Are boys and girls really that different? Twenty years ago, doctors and researchers didnt think so. Back then, most experts believed that differences in how girls and boys behave are mainly due to differences in how they were treated by their parents, teachers, and friends.
It's hard to cling to that belief today. An avalanche of research over the past twenty years has shown that sex differences are more significant and profound than anybody guessed. Sex differences are real, biologically programmed, and important to how children are raised, disciplined, and educated.
In Why Gender Matters, psychologist and family physician Dr. Leonard Sax leads parents through the mystifying world of gender differences by explaining the biologically different ways in which children think, feel, and act. He addresses a host of issues, including discipline, learning, risk taking, aggression, sex, and drugs, and shows how boys and girls react in predictable ways to different situations.
For example, girls are born with more sensitive hearing than boys, and those differences increase as kids grow up. So when a grown man speaks to a girl in what he thinks is a normal voice, she may hear it as yelling. Conversely, boys who appear to be inattentive in class may just be sitting too far away to hear the teacherespecially if the teacher is female.
Likewise, negative emotions are seated in an ancient structure of the brain called the amygdala. Girls develop an early connection between this area and the cerebral cortex, enabling them to talk about their feelings. In boys these links develop later. So if you ask a troubled adolescent boy to tell you what his feelings are, he often literally cannot say.
Dr. Sax offers fresh approaches to disciplining children, as well as gender-specific ways to help girls and boys avoid drugs and early sexual activity. He wants parents to understand and work with hardwired differences in children, but he also encourages them to push beyond gender-based stereotypes.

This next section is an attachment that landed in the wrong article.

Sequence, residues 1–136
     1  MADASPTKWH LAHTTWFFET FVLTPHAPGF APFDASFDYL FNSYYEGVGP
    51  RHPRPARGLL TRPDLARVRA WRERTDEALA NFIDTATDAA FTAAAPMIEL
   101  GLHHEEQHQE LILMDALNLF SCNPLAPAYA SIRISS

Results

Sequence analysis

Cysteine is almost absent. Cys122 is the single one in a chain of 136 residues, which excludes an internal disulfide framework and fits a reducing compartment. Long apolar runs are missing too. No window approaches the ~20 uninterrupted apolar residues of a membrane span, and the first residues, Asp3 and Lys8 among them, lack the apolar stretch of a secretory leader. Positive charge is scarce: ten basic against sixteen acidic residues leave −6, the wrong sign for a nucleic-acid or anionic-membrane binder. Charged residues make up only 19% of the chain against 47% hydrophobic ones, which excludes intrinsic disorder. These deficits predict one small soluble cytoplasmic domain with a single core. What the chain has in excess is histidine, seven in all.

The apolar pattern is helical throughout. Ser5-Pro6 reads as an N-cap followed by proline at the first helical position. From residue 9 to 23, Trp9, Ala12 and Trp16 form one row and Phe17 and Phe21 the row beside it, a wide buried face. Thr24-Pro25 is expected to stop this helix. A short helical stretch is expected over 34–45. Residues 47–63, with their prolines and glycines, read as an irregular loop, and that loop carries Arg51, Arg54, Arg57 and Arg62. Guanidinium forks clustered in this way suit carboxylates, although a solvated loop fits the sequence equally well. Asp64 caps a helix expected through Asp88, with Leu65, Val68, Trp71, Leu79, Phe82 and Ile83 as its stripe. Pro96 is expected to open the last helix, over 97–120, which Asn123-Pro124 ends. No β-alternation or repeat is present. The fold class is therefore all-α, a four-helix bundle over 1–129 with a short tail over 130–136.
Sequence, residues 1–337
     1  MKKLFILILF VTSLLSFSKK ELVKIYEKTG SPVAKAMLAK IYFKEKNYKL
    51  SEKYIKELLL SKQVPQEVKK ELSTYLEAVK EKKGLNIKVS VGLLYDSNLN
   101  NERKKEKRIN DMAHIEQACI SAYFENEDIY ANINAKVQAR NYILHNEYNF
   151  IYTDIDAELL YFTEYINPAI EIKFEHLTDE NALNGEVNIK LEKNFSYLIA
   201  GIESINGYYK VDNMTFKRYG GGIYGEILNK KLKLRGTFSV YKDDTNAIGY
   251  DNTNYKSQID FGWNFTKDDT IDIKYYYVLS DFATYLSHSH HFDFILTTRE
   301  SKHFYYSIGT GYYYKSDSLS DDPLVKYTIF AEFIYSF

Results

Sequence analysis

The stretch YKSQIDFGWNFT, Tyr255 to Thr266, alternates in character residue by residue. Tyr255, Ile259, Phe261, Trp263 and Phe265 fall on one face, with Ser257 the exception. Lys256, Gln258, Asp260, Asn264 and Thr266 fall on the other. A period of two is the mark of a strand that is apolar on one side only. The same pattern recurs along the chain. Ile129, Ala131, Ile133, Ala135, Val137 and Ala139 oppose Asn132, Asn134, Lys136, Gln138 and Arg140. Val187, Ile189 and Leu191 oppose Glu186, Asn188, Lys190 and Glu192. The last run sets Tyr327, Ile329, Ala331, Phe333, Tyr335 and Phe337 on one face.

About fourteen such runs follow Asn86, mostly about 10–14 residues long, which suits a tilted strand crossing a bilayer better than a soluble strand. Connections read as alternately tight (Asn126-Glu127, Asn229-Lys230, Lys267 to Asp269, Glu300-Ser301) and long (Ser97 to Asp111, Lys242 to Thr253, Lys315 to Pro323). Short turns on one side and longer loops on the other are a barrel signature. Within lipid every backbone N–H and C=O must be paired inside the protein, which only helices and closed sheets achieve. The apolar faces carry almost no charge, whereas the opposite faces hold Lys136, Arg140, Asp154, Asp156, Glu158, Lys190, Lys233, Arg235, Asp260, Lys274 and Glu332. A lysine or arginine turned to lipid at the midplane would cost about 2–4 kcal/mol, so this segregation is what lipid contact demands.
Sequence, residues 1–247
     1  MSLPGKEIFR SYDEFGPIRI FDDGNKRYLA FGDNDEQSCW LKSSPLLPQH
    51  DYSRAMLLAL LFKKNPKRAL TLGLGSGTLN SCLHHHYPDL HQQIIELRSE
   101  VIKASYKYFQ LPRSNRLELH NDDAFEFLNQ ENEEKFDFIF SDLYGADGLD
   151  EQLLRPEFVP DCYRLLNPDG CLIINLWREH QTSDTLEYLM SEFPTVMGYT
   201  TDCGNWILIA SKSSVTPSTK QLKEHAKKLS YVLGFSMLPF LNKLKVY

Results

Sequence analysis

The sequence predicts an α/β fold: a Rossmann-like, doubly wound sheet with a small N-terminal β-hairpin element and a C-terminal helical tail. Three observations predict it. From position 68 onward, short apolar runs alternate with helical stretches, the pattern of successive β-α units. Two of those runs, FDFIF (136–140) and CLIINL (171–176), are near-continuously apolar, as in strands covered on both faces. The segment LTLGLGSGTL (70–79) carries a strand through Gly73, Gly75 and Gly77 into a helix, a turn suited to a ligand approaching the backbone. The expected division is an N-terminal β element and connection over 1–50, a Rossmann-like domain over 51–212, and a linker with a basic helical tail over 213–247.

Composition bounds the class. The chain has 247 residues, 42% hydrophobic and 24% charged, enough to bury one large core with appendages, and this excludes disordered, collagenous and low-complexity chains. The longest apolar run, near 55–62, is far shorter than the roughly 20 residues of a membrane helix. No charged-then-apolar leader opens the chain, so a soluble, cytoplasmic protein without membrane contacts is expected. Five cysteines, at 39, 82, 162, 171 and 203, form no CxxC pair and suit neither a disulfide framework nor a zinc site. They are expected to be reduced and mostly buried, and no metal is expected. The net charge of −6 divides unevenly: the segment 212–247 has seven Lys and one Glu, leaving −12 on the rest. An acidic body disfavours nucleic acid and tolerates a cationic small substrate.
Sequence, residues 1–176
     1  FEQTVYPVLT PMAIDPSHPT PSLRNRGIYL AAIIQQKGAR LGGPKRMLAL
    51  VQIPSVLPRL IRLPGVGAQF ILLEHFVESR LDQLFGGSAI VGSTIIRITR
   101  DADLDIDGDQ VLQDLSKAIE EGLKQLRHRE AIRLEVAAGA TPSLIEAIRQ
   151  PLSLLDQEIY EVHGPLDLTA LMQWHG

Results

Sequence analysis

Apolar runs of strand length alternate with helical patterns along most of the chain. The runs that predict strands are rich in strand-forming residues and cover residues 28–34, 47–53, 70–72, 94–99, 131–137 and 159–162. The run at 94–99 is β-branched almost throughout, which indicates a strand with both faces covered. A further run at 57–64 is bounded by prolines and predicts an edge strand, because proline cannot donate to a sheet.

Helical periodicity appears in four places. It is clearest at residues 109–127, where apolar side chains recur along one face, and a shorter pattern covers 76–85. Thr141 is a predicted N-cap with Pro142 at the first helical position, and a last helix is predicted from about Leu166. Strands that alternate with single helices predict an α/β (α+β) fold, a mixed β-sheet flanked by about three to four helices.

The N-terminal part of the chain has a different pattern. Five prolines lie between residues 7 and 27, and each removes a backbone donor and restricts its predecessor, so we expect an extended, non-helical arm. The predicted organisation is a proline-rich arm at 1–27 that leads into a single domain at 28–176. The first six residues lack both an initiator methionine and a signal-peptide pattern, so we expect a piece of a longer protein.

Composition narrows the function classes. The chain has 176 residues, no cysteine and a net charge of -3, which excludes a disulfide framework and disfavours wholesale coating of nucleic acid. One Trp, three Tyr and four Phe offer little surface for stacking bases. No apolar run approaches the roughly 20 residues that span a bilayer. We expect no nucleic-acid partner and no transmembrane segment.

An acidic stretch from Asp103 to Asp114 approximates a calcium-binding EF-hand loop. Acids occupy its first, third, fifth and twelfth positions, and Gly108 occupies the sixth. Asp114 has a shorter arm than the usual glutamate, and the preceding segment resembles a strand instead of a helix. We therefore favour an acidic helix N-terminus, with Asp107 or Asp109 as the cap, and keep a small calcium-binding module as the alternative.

A leading proponent of single-sex education, Dr. Sax points out specific instances where keeping boys and girls separate in the classroom has yielded striking educational, social, and interpersonal benefits. Despite the view of many educators and experts on child-rearing that sex differences should be ignored or overcome, parents and teachers would do better to recognize, understand, and make use of the biological differences that make a girl a girl, and a boy a boy.
The New York Post
Convincing. . . Psychologist and family physician Leonard Sax, using 20 years of published research, offers a guide to the growing mountain of evidence that girls and boys really are different. . . This extremely readable book also includes shrewd advice on discipline, and on helping youngsters avoid drugs and early sexual activity. Sax's findings, insights and provocative point-of-view should be of interest and help to many parents.
Until recently, there have been two groups of people: those who argue sex differences are innate and should be embraced and those who insist that they are learned and should be eliminated by changing the environment. Sax is one of the few in the middle -- convinced that boys and girls are innately different and that we must change the environment so differences don't become limitations.
His volume is a worthy read for those who care about how best to prepare children for the challenges they face on the path to adulthood.
His readable prose... makes this book accessible to a range of readers.
New York Post
Sax's findings, insights and provocative point-of-view should be of interest and help to many parents.
Recent Reader Reviews
Rated of 5
by jkennedy Why Gender Matters Leonard Sax makes an excellent case for why we should respect the biological differences between boys and girls and how we can approach teaching our children about life by using those differences. This should be required reading for all teachers as... Read More
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least 211 public schools in the United States are offering gender-separate
educational opportunities. Most of those are coeducational schools with all or
some of their classrooms run on a single-sex basis, but 44 are completely
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